Over 56% say they have to take avoiding action on every journey to dodge potholes, while 27% say they have to steer around a pothole every day.
While a third of IAM RoadSmart members are willing to consider new funding ideas to help improve our roads, half were against a 2p increase in fuel duty and most of those were strongly opposed.
Mike Quinton, Chief Executive Officer of IAM RoadSmart, said: “IAM RoadSmart is deeply concerned at the safety implications of drivers having to swerve to avoid potholes as well as the high level of damage and injuries revealed by our survey.
“We are looking to the authorities to work together to produce a long term and sustainable plan to reduce the backlog of road maintenance before yet another damaging winter sets things back even further.
The figures from our survey are compelling and it is increasingly clear that those who use the roads on a daily basis are pretty much united on this one – enough time has now passed for a long term plan to be in place and for work to have started. As our survey has shown, this is now the motoring public’s number one priority.”

Seven caravan and towing tips to get you ready for your summer holiday

With summer here and more people taking to caravanning than ever before, IAM RoadSmart has partnered up with the Caravan and Motorhome Club to offer some advice for a successful holiday trip.

Going away with the whole family and the caravan, trailer tent or camping trailer is a great experience. By ensuring that you load the caravan or trailer correctly, and deal appropriately with other traffic, you can help ease the stress levels which might otherwise result, especially if you lack towing experience.

With the south west of England being a very popular place to visit, it is not surprising that this area has some of the highest incident rates for caravans. Between January 2017 and May 2018 there have been 850 caravan or trailer incidents on main roads in the South West region, with 460 of those occurring in the summer months of May to September last year – a sure way to put a sudden end to a lovely holiday. With the majority of caravans only being used over the summer months, this figure needs to be reduced.

Most incidents happen around the weekend. Nearly a third of all incidents occur on Saturdays and Sundays, with Mondays and Fridays not too far behind.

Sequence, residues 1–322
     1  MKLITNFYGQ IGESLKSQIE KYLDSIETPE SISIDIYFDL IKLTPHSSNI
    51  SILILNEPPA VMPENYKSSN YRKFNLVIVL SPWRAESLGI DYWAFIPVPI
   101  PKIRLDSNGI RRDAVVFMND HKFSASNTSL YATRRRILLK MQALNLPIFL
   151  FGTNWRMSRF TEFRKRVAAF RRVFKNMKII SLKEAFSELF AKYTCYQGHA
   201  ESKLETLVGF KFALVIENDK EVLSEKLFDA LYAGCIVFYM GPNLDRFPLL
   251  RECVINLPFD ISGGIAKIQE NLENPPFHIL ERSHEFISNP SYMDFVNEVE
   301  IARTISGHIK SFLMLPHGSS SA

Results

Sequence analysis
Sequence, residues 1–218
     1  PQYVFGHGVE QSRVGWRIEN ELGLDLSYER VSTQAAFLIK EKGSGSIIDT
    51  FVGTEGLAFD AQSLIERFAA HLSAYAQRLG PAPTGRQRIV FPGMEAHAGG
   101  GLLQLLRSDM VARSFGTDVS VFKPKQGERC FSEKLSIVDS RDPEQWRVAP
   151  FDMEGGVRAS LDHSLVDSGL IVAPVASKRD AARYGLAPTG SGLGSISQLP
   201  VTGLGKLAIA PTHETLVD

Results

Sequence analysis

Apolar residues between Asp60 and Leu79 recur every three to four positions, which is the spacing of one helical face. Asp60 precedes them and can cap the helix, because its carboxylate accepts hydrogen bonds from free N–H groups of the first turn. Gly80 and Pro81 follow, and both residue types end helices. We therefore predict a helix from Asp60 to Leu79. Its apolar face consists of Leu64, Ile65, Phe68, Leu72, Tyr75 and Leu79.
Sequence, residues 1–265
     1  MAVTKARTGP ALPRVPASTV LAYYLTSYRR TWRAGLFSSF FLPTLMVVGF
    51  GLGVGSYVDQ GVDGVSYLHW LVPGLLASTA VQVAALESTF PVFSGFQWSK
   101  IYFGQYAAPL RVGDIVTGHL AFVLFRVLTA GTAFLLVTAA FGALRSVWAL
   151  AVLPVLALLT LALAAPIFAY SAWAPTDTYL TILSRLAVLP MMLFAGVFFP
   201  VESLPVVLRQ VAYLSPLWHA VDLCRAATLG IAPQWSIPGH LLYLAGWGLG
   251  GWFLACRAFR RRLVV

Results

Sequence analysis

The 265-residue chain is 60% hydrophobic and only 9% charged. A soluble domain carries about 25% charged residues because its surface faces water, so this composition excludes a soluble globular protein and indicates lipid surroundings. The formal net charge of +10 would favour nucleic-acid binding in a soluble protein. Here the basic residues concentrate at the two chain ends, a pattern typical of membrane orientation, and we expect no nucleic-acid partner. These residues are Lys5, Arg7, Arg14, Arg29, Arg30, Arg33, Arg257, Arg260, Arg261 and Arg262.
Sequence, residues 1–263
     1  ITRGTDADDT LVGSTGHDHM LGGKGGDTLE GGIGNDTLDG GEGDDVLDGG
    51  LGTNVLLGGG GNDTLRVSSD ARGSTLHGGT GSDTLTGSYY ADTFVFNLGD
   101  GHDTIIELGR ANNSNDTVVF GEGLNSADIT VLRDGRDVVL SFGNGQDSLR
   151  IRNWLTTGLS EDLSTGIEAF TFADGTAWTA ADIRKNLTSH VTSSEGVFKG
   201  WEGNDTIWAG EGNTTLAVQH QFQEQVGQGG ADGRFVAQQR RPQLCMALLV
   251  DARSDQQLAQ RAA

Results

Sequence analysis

Caravan and trailer roadworthiness is just as important as your car’s, and particular care is needed for that first summer outing, as many are parked up and unused over the winter.

We recommend that before you start your trip you make sure you have checked both your car and caravan or trailer. Especially check your tyres as they should be inflated to the correct pressure, have a good amount of tread (no lower than 1.6mm) and be free from damage

The caravan breakaway cable (or safety chain on smaller unbraked trailers) should be in good condition and connected correctly. If you have a caravan or a large box-shaped trailer you will almost always need to fit extension mirrors – these will help make sure you have a good view behind you and comply with the law

Remember when loading your caravan or trailer to make sure it is not overloaded as this can put you at additional risk of instability, and mean you’re breaking the law. Ensure your heavy items are positioned correctly over the axle low to the floor, with lighter items higher up

A quick refresher of the Highway Code will remind you that travelling in the right-hand lane of a motorway with three or more lanes is not allowed and your speed limit when towing is 60 mph on dual carriageways and motorways and 50 mph on single carriageways, unless a lower overall limit applies.

Be extra vigilant on downhill stretches as your speed can easily creep up and get too high – this is a common contributory factor to your caravan/trailer losing stability. Remember, you will need more room to stop when towing and you should always have a big enough gap to be able to slow down and stop in an emergency

Towing in high winds needs additional care and perhaps a change of route should be considered. However it’s not just windy days you need to be mindful of. Overtaking large vehicles can place you in their “bow wave” and this can cause instability of caravans which are badly loaded and/or being towed too fast.

Martin Spencer, technical manager at the Caravan and Motorhome Club says:
“In almost all cases, serious incidents only occur because inexperienced drivers have not taken the right advice, or experienced ones have become complacent. The Club has 15 training centres across the country so anyone just starting out, or those needing some refresher training can receive the best possible guidance.”

Neil Greig, director of policy and research at IAM RoadSmart says: “The advanced driving skills of observation, anticipation and planning are key to good towing. They will keep you a safe distance from the vehicle in front and help you predict problems ahead and around you. If you prepare yourself, your family and your vehicles for the road ahead your trip will be as relaxing as possible.”